OVERVIEW: NORTH-INDIA BIRDING TOUR FEBRUARY 2018
An exciting tour set for us around some natural and religious places in Kumaon valley Uttarakhand, a new destination for the participants. Uttarakhand is very rich in culture, history and indeed flora and fauna. We visited some great destination during the trip, the famous national park Corbett, important birding hotspots in Uttarakhand such as Pangot and Sattal, and a very famous temple Jageshwar.
The tour connected with so many beautiful and rare birds such as Ibisbill, Wallcreeper, Pallas’s Fish Eagle, Brown Dipper, Cheer, Koklass, and Kalij Pheasants, Hill and Rufous-throated Partridge, Scaly-breasted and Pygmy Wren-babbler, Chestnut-headed Tesia, White-tailed and Siberian Rubythroat and a very rare bird indeed, the Grey-crowned Prinia. We focused on quality birding instead of quantity and added only those birds on the lists which Roger Smith had the great view. A total of 210 birds recorded ( 202 seen by Roger). We also managed to locate some mammals such as Asian Elephants, Sambar, Hog and Spotted Deer, Red Muntjac, Himalayan Brown Ghoral, and Yellow-throated Marten, few interesting reptiles like Marsh Mugger and Gharial and Golden Mashree Fish were also seen. All species lists are at the end of this report.
We had a short afternoon birding after meeting and lunch at Tiger Camp. We walked from the temple gate to Koshi river through a road with bushes on either side, good for many small birds. Here we saw Slaty Blue Flycatcher, Small Niltava, Yellow-bellied Fantail, and Taiga Flycatcher. We then went down to Koshi river bank and picked up Ibisbill quickly and enjoyed many brilliant birds such as River Lapwing, Crested, Pied, and White-throated Kingfisher, White-capped and Plumbeous Redstart, Hume’s and Greenish Warbler and finally Wallcreeper which was very close and posing for the photo. Lineated Barbet and Lesser Goldenback were seen on a fig tree along with a Brown Rock Chat on a roof of a house while we were returning from the river. It was a great afternoon birding at Koshi river.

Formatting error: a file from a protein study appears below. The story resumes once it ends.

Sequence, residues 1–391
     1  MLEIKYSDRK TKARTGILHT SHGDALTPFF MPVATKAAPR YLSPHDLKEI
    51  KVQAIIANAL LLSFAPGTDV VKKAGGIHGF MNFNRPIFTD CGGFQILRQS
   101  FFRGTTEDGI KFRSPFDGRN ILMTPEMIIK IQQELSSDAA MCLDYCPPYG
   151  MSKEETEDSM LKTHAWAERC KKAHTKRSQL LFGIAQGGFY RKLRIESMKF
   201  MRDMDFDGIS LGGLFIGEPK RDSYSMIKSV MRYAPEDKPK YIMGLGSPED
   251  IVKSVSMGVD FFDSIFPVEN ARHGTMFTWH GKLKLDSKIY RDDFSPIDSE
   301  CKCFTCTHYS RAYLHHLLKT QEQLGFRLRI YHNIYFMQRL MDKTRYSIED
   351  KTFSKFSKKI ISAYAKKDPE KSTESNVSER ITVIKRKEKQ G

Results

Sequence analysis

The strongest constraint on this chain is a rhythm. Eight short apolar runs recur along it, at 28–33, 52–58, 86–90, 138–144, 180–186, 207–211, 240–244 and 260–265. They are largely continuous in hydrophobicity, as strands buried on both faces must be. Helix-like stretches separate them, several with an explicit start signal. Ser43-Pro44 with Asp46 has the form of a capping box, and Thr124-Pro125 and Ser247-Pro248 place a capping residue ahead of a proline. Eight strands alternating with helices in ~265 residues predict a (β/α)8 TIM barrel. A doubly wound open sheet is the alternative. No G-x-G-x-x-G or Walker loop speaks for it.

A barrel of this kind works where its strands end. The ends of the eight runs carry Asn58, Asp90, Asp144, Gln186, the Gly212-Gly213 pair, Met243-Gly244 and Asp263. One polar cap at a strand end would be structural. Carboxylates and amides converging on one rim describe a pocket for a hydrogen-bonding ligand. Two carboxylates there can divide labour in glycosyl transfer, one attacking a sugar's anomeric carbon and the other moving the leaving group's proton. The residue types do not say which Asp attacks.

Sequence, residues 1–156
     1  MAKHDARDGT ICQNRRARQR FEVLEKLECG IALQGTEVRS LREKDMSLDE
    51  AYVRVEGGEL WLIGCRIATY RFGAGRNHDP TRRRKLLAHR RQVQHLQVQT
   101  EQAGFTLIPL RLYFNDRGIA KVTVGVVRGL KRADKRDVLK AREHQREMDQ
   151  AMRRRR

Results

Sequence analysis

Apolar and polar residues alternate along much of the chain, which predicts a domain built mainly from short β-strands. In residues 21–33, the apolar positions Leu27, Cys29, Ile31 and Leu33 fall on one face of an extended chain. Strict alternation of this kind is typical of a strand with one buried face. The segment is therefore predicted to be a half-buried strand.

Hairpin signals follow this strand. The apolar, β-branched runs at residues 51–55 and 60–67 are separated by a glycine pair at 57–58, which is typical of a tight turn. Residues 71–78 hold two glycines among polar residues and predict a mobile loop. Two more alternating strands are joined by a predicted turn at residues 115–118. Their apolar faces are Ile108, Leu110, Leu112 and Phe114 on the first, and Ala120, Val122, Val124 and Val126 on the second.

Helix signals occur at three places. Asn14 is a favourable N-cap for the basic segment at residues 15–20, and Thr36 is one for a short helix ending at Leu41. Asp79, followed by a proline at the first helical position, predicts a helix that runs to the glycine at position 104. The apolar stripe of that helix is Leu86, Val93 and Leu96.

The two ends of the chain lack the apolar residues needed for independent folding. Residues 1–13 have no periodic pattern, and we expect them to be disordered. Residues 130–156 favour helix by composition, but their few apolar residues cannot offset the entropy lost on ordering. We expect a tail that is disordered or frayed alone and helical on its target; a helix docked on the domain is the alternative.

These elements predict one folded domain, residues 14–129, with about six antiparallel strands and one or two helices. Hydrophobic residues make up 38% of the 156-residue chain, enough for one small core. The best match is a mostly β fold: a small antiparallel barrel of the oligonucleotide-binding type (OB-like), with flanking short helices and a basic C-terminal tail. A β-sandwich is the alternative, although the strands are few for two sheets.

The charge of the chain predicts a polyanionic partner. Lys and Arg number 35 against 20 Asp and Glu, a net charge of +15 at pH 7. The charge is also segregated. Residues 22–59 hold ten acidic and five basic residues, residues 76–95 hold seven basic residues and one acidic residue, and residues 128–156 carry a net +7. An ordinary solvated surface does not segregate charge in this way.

After early breakfast, we headed to dhikala by a safari jeep. Weather was misty so birds movements were very less. Although we managed to pick up Grey-headed and Fulvous-breasted Woodpecker, Ashy Bulbul and Blue-winged Siva. On the way, we heard a terrible alarm call by Sambar and waited a long time for the suspect but didn’t get any glimpse and continued driving. We enjoyed Blue-throated and Lineated Barbet feeding on berries and Black-hooded Oriole, Red-breasted Parakeet on the way to Adhikari. After checked In into dhikala we hanged around the hotel campus and scanned down to Ramganga River and got Black Stork and River Tern. Afternoon safari started after Lunch and last till the sunset but no Tiger. We saw a big herd of Asian Elephant, Spotted Deer, Sambar, Hog deer along with Collared Falconet, Black-winged Kite, Red Jungle Fowl, Pallas’s and Lesser Fish Eagle, Changeable Hawk Eagle, Long-billed and Tawny Pipit.
We drove to Cumbria after breakfast to find out some birds for Roger but the weather was much windy this morning. We encountered with a feeding flock of Common Woodshrike moving fast on the tree to tree. On the way down to Koshi river, we picked up Black-throated Sunbird, Long-tailed Minivet, and Greater Goldenback better view than last time. Koshi river was very quiet due to strong wind so we had to try hard and wait a long time for Brown Dipper and finally got him. We heard Tawny Fish Owl inside from the hill covered by trees and tried some playback which he responded but didn’t come out in open. We managed to get a better view of White-crested Laughingthrush along with a group of Oriental White-eye. We then moved back to tiger camp and headed to pan got after lunch. On the way, we stopped at Corbet Waterfalls and had a short walk around then continued the drive and reached Pangot by late afternoon.